Young Americans seem congenitally indisposed to take advice from their elders. They have learned in school that the older generation is totally out-of-it, especially when it comes to what happens between the sheets.
Why try to learn sexual technique from people who don’t have any?
More than that, young Americans believe that older Americans are agents of sexual repression, offering up bad advice in order to ensure that the young do not have a good time.
After all, the meaning of life is having a good time, don’t you think?
American culture has turned youthful narcissism into an article of faith. The attitude arose during the heady days of the Vietnam War counterculture. Then, someone somewhere told college students never to trust anyone over thirty.
If you think that the blind should be leading the blind, this advice is for you.
In truth, young America would have been better advised never to trust anyone under forty.
If you are young, someone who is under thirty, even under forty is your competition. Someone who is over forty is better suited to be your mentor.
Who should you trust, your competition or your mentor?
This all came to mind as I was reading about the latest study of the sexual satisfaction of college women.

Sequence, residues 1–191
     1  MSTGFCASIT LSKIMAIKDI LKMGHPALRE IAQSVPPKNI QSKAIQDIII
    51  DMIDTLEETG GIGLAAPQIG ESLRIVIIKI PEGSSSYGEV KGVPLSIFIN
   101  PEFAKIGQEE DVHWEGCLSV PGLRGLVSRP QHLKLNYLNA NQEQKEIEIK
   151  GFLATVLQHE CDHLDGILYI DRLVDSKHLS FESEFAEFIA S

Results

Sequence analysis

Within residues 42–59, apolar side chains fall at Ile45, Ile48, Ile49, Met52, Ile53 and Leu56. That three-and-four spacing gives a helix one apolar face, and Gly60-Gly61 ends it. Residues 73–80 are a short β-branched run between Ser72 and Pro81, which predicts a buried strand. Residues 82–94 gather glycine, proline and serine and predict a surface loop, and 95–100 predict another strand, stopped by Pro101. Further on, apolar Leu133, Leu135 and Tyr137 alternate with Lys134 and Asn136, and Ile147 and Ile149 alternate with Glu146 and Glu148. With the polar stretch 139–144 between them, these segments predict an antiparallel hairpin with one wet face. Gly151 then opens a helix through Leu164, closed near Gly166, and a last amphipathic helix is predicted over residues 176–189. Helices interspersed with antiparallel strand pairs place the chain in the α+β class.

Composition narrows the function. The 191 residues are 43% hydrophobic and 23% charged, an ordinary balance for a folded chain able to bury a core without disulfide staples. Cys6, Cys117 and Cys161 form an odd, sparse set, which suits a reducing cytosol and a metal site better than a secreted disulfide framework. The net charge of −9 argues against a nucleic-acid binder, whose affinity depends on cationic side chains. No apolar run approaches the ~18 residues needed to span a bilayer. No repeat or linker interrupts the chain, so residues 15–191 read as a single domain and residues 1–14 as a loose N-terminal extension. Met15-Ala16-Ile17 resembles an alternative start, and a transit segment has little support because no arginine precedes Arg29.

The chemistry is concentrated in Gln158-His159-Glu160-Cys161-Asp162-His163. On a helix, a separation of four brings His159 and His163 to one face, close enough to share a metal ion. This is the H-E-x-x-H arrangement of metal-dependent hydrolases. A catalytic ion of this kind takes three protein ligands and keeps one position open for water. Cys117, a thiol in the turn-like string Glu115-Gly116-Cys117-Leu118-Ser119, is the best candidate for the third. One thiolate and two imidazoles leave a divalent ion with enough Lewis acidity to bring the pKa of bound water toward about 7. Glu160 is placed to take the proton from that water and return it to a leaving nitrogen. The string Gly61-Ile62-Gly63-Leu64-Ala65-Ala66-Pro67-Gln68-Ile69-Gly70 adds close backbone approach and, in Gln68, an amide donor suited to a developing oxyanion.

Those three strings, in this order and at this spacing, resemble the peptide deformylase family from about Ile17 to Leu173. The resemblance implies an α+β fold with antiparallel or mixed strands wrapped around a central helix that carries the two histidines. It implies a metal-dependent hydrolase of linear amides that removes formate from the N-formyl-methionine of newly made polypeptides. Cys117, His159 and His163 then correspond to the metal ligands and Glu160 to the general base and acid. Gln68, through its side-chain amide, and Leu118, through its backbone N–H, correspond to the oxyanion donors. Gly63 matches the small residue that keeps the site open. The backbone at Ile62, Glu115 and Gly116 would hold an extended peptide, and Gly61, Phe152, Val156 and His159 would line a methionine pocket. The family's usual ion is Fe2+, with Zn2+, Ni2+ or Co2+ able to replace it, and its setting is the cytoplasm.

Lindsay Abrams reports on the results of a survey of college women who were either involved in romantic relationships or who had contracted friends-with-benefits (FWB) arrangements.
In her words:
Those in FWB relationships had a lot more sex -- an average of 6.37 lifetime sex partners to date, over the others' 1.9. To a lesser degree, those in traditional relationships had more frequent sex with their significant other, and they also spent more non-sex time together -- and they reported having greater satisfaction with both.
Unfortunately, Abrams confuses having “more sex” with having more “sex partners.”
Happily she corrects herself in her second sentence when she notes that women in more traditional relationships had “more frequent sex,” spent more time together and had “greater satisfaction” in both.
The conclusion is inescapable: those of us who have been telling young women to reject hookups and FWB arrangements in favor of more traditional relationships were giving advice that will point them toward more, better sex.
And you thought we didn't care!